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1.
Fig. 4

Fig. 4. From: Heritable Individual-Specific and Allele-Specific Chromatin Signatures in Humans.

Representation of allele-specific and non–allele-specific SNPs across the CTCF binding motif (17). The y axis indicates the difference between the two as a percentage of normalized total SNPs. Higher bars indicate an increased representation of allele-specific SNPs relative to other positions, which tends to occur at conserved positions.

Ryan McDaniell, et al. Science. ;328(5975):235-239.
2.
Fig. 2

Fig. 2. From: Heritable Individual-Specific and Allele-Specific Chromatin Signatures in Humans.

Individual-specific chromatin transmission. (A) Example of CEU-only individual-specific DNase I HS and CTCF sites (shaded areas). (B) Example of YRI-only individual-specific sites. (C and D) Genome-wide individual-specific DNase I HS sites (C) and CTCF sites (D) were categorized as CEU-only, YRI-only, or other combinations. The standard box plots of the relative normalized interchild differences for these categories show that the child signal was significantly closer to the parental sites from its own population (P < 10−15 for DNase I HS, P < 10−8 for CTCF; Wilcoxon rank-sum test). Numbers at top of (A) and (B) are chromosome numbers followed by start-stop coordinates from the UCSC Genome Browser. In (A) the indicated sites occur in the ZBTB46 gene, whose direction of transcription is right to left (as indicated by arrowheads).

Ryan McDaniell, et al. Science. ;328(5975):235-239.
3.
Fig. 3

Fig. 3. From: Heritable Individual-Specific and Allele-Specific Chromatin Signatures in Humans.

Comparison of allele-specific sites between individuals. (A) Each subpanel shows a different allele-specific site in two individuals in the indicated category. The overlapping SNP is indicated below. Adjoining pie charts show concordant allelic bias within the ChIP-seq reads for each site. (B) Allele-specific CTCF site correlations, as shown by smoothed scatterplots (13) of biases between any two individuals (parent-child, intrapopulation, and between-population) where the bias was significant in neither, one, or both individuals. Because of the large number of sites, the density of sites is shown by shades of blue, with outlying sites to this density shown as points. In each pairwise comparison, the bias was predominantly correlated (lower left and upper right of each plot). (C) Allele-specific CTCF sites in a child where both parents are homozygous, showing transmissibility. Peak heights indicate relative binding strength in the parents. The parent homozygous for the allele that was overrepresented in the child has a stronger signal than the other parent. (D) Heterozygous CTCF sites in children where both parents were homozygous. Child sites were classified as allele-specific (right) or not (left). CTCF signal differences between parents were compared to each of the children. Zero on x axis represents 100% maternal bias; 1 represents 100% paternal bias.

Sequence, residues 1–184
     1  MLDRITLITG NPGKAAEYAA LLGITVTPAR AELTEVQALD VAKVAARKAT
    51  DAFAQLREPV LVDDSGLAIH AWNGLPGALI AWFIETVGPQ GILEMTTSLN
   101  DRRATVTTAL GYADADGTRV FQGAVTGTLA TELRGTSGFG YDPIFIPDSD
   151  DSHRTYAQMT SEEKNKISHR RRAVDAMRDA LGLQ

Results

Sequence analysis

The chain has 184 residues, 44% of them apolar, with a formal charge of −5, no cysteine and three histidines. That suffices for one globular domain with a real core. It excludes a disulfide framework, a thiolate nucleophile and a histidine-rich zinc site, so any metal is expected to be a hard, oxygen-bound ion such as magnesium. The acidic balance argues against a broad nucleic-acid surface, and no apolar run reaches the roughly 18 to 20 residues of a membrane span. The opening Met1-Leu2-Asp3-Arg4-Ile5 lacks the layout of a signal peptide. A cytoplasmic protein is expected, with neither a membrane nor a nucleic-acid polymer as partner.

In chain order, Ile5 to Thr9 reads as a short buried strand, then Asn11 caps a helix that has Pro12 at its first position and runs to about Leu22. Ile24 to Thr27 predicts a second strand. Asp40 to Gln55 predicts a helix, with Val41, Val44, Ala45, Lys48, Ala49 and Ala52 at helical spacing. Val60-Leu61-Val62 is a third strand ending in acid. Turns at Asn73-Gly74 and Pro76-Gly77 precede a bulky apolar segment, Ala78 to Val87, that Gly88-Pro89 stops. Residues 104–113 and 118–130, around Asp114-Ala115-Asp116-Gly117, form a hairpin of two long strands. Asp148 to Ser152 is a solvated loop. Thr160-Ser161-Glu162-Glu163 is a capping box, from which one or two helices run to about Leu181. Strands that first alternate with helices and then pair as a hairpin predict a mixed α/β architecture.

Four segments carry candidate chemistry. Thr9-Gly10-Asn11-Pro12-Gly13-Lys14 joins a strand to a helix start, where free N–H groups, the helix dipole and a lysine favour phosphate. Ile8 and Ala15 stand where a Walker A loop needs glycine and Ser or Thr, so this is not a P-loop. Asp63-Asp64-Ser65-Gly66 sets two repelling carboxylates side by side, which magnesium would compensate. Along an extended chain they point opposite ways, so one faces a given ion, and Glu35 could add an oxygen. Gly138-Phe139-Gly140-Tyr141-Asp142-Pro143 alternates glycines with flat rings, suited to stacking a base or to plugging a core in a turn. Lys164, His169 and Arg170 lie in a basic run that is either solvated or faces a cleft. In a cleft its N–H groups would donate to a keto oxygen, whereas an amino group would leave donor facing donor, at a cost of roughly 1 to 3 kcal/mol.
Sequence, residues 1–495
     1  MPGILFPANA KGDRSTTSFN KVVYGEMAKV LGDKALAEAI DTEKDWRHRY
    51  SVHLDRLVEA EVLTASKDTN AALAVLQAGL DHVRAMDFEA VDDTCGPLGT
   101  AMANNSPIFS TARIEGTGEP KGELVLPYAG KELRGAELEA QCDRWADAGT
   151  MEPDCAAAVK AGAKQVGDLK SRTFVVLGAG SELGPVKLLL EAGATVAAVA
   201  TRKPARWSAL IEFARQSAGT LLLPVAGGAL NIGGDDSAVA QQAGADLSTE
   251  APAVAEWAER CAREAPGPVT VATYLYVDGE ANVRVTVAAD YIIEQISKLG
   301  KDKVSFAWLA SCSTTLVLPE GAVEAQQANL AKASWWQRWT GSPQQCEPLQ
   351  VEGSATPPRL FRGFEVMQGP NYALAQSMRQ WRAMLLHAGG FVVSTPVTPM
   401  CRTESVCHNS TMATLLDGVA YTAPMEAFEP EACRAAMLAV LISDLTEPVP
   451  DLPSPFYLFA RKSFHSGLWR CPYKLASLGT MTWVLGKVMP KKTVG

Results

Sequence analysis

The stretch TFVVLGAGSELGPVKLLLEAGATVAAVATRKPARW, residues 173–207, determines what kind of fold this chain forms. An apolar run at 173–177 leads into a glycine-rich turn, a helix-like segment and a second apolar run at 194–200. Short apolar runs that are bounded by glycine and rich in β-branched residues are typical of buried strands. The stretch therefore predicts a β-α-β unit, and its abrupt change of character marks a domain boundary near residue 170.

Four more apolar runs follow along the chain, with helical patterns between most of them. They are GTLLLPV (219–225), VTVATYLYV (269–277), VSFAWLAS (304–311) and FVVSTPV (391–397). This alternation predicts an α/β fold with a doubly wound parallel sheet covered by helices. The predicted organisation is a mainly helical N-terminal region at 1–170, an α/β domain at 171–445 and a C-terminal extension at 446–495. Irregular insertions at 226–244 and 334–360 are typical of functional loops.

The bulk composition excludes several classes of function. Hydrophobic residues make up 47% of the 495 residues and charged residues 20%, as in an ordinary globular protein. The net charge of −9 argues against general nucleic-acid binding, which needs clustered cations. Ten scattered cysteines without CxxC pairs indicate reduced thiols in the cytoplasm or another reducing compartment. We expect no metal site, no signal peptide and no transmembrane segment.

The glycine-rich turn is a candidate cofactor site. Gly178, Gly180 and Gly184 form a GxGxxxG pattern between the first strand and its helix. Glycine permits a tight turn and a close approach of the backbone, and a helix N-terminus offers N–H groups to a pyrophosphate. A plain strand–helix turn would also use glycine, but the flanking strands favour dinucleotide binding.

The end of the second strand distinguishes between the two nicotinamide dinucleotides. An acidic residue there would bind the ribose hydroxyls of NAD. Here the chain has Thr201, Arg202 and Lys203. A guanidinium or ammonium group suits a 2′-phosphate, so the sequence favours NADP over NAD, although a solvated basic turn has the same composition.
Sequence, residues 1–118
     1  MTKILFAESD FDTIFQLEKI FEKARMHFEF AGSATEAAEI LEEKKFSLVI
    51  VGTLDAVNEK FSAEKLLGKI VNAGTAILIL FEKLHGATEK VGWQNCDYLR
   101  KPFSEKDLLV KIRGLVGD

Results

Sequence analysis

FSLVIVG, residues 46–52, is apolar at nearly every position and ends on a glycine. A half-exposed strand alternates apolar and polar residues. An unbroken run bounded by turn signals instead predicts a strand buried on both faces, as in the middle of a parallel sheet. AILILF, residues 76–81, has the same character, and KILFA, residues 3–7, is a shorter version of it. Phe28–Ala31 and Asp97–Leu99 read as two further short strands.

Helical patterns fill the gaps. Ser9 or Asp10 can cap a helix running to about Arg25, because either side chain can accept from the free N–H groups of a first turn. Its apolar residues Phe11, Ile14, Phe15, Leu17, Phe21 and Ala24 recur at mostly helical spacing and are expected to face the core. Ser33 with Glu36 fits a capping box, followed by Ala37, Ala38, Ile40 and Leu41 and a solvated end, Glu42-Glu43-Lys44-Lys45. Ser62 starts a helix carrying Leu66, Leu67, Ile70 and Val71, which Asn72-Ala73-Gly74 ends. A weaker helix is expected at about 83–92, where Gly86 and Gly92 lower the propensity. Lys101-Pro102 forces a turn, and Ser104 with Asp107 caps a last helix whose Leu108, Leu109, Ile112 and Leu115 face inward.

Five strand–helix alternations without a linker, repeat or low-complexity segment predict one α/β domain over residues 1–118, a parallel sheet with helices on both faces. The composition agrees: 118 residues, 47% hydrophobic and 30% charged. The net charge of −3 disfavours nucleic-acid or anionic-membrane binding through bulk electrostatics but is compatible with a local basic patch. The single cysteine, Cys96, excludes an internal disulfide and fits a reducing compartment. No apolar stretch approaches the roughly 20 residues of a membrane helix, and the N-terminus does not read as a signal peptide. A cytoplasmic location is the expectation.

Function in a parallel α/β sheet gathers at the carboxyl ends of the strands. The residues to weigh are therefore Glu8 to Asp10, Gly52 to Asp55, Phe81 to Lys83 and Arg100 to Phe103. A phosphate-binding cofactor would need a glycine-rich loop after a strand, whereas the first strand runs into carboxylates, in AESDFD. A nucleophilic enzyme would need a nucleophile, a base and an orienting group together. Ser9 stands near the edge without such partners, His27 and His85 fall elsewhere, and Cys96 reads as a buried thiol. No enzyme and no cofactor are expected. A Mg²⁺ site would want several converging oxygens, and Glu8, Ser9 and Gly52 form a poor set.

Ryan McDaniell, et al. Science. ;328(5975):235-239.
4.
Fig. 1

Fig. 1. From: Heritable Individual-Specific and Allele-Specific Chromatin Signatures in Humans.

(A) Cell lines from CEU and YRI parent-child trios. (B) Classification of DNase I HS or CTCF binding sites among individuals. Constant sites are those occurring in all four parents. CEU- and YRI-only sites occurred in both parents within only one population. Sites occurring in one individual (singletons) or in other combinations were also noted (table S2). Sites in children were not used in this initial classification (gray). (C) Sites that are allele-specific (skewed toward one allele) in one individual, not allele-specific in one individual, consistent allele-specific in two individuals, and opposite allele-specific in two individuals. Homozygous (Hom) individuals for an allele are not informative. (D) Transmission tests show that CEU- or YRI-only sites are more likely in children from the same population (green; see also Fig. 2), and allele-specific sites in children correspond to signal intensities in parents who are homozygous for different alleles (turquoise; see also Fig. 3). Numbers and percentages of all categories are indicated at the bottom. The orientation of the triangles indicates the two alleles that are assayed; triangle sizes indicate differences in signal strength (in terms of number of sequence reads).

Ryan McDaniell, et al. Science. ;328(5975):235-239.

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